[Cue Pretentious Writer Voice] I was out to dinner with a group of writers after a reading one of us had given, and halfway through the meal, we started talking about submitting to literary journals. As it turned out, three of us had recently been declined by Brevity, an online journal specializing in brief essays. Another was awaiting response. And as I sipped my Belgian ale and gazed out the window at the tree branches waving in the night, I thought about the success of Brevity and what draws us to short pieces [End Pretentious Writer Voice].
Real talk, Brevity is one of my favorite journals. Their 750-word limit forces writers to deliver every word in the right place. Each essay, a few minutes of reading, highlights different modes to experiment with. I enjoy flash fiction and poetry for the same reasons. (Full disclosure, I also appreciate puppies, movie trailers, and mini-burgers—Brevity, Home of The Mini-Burger Essay.)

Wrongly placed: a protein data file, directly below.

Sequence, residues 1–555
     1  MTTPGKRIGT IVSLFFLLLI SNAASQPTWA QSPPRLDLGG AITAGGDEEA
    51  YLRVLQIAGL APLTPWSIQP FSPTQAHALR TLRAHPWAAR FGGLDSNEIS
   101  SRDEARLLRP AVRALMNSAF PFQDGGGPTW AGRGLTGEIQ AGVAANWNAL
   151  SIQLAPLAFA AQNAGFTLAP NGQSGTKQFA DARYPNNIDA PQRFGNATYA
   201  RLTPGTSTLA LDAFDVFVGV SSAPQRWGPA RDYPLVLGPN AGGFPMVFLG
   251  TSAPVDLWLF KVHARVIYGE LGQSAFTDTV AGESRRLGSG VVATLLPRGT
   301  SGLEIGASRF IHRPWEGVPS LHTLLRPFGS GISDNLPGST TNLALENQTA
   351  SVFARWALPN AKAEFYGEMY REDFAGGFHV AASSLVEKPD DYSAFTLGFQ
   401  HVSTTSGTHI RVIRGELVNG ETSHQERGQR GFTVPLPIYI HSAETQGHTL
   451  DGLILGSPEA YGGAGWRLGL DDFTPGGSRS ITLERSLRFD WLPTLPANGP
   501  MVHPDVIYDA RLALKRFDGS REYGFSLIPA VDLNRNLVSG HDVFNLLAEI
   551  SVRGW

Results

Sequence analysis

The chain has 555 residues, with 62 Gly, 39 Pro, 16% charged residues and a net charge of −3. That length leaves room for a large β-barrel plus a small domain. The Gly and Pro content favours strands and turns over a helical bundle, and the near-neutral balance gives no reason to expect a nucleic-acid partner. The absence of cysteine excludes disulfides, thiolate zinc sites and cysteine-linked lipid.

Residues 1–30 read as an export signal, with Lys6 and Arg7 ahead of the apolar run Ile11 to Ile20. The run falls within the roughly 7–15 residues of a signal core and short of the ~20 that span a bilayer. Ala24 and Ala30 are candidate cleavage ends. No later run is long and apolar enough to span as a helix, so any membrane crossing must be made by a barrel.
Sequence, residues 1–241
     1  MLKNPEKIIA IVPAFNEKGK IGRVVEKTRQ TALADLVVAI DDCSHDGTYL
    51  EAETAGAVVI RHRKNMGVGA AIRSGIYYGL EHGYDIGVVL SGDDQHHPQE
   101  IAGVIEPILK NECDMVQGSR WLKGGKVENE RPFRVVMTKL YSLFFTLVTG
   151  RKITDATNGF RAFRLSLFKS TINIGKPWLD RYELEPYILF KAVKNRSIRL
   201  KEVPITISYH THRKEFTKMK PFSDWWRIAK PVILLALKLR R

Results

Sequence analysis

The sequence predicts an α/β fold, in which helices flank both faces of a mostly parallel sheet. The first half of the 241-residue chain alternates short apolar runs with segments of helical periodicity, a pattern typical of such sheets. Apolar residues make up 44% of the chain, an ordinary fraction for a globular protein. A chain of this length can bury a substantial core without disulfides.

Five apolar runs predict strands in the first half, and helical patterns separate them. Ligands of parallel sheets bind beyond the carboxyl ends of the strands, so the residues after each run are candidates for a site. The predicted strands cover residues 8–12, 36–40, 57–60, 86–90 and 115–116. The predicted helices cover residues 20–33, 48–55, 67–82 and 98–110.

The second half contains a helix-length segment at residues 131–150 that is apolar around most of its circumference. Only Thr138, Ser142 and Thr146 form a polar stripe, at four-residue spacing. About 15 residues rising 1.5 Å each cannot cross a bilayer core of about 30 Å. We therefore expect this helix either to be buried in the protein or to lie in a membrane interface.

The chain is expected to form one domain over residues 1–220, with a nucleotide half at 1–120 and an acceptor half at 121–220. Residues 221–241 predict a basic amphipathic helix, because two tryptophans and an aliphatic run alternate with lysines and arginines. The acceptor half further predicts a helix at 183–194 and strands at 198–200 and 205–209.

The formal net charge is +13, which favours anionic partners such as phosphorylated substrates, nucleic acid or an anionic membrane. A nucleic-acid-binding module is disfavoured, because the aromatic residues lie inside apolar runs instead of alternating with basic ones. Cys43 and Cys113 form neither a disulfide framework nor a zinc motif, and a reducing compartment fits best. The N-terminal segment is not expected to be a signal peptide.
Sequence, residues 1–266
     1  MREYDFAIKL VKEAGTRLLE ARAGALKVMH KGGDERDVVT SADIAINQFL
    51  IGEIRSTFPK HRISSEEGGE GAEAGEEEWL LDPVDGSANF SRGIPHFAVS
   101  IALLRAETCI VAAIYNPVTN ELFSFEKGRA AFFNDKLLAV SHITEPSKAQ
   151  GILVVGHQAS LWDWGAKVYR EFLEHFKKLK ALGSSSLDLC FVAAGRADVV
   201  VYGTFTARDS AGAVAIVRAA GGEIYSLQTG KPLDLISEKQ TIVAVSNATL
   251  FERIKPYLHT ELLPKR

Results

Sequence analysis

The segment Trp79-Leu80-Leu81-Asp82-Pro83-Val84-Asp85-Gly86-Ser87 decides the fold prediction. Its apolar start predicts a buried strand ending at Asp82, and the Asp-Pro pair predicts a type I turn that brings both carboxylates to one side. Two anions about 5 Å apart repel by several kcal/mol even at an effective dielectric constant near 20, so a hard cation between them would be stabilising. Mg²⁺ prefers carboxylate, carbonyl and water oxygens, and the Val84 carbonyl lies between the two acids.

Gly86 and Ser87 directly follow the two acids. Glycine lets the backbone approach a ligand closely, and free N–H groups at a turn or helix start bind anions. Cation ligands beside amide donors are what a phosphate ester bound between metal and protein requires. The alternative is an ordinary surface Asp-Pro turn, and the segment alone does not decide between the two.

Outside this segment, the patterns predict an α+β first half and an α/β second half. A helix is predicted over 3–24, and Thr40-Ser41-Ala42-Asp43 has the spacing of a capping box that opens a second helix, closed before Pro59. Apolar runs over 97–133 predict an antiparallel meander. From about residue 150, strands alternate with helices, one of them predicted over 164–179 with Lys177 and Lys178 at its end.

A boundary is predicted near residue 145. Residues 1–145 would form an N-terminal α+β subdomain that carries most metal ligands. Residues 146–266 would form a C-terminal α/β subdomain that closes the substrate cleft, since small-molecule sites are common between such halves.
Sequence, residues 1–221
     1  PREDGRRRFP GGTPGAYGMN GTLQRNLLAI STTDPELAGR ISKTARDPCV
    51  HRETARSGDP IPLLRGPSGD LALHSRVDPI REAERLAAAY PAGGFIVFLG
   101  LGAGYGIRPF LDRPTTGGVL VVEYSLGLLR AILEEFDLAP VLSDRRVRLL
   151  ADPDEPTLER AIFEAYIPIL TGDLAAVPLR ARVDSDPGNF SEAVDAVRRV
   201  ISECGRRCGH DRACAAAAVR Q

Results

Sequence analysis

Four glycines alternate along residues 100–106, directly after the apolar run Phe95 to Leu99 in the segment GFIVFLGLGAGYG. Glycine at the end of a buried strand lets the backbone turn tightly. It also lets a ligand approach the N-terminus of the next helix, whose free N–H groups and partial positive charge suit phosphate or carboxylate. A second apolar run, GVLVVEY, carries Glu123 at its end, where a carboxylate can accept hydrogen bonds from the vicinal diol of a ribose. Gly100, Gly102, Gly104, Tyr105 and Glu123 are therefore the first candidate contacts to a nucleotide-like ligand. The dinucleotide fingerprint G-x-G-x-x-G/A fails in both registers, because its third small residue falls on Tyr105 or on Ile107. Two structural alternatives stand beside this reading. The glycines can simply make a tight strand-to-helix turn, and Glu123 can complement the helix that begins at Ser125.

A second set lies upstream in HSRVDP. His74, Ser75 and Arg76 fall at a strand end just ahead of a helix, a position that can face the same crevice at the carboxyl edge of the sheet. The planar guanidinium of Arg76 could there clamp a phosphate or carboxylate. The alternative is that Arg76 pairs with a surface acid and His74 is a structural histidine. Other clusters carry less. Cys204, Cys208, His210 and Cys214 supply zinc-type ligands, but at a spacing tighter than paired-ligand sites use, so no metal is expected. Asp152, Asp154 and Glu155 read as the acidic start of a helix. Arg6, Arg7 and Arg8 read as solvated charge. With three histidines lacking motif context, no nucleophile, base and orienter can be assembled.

I’m sure many submit to Brevity because short essays seem easy and quick, but the reason I like writing them is their challenge. Writing a short is a puzzle, like a crossword layered over a Rubik’s Cube.
For their spring 2012 issue, Brevity has launched a new website, really a streamlined version of their previous setup. The 16 essays in the latest issue are tongue-in-cheek, lyrical, minimalist, and heartbreaking. The issue’s best metaphor is even better out of context: “He was a teddy bear crammed into a fishbowl.”
My favorite Brevity essay, “A Most Dangerous Game” by Alexis Wiggins, is simple in its structure and coming-of-age themes, but it socks you in the nose. Compared to Mary Karr’s Cherry and Jo Ann Beard’s The Boys of My Youth, Wiggins treats similar territory with fewer words and more power.
Fewer words. More power.
Brevity, thanks for punching me in the face.
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